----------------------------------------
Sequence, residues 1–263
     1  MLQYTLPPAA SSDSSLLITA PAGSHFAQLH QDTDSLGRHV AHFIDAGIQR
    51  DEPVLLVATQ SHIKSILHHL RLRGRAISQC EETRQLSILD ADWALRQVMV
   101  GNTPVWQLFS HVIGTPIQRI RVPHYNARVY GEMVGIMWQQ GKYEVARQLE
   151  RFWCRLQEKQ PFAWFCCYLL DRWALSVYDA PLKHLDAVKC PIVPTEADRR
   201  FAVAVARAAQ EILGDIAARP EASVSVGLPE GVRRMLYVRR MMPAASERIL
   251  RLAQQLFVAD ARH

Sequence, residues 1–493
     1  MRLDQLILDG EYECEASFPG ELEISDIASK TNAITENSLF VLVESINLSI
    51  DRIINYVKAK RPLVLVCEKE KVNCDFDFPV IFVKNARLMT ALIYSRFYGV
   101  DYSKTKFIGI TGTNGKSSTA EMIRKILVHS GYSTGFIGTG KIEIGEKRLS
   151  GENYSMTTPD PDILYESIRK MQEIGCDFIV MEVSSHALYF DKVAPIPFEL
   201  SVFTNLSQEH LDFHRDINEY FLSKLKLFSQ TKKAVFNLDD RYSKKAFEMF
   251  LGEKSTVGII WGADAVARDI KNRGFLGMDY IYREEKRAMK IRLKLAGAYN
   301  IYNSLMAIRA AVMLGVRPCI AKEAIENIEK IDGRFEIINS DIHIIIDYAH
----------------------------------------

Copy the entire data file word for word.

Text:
Sequence, residues 1–263
     1  MLQYTLPPAA SSDSSLLITA PAGSHFAQLH QDTDSLGRHV AHFIDAGIQR
    51  DEPVLLVATQ SHIKSILHHL RLRGRAISQC EETRQLSILD ADWALRQVMV
   101  GNTPVWQLFS HVIGTPIQRI RVPHYNARVY GEMVGIMWQQ GKYEVARQLE
   151  RFWCRLQEKQ PFAWFCCYLL DRWALSVYDA PLKHLDAVKC PIVPTEADRR
   201  FAVAVARAAQ EILGDIAARP EASVSVGLPE GVRRMLYVRR MMPAASERIL
   251  RLAQQLFVAD ARH

Sequence, residues 1–493
     1  MRLDQLILDG EYECEASFPG ELEISDIASK TNAITENSLF VLVESINLSI
    51  DRIINYVKAK RPLVLVCEKE KVNCDFDFPV IFVKNARLMT ALIYSRFYGV
   101  DYSKTKFIGI TGTNGKSSTA EMIRKILVHS GYSTGFIGTG KIEIGEKRLS
   151  GENYSMTTPD PDILYESIRK MQEIGCDFIV MEVSSHALYF DKVAPIPFEL
   201  SVFTNLSQEH LDFHRDINEY FLSKLKLFSQ TKKAVFNLDD RYSKKAFEMF
   251  LGEKSTVGII WGADAVARDI KNRGFLGMDY IYREEKRAMK IRLKLAGAYN
   301  IYNSLMAIRA AVMLGVRPCI AKEAIENIEK IDGRFEIINS DIHIIIDYAH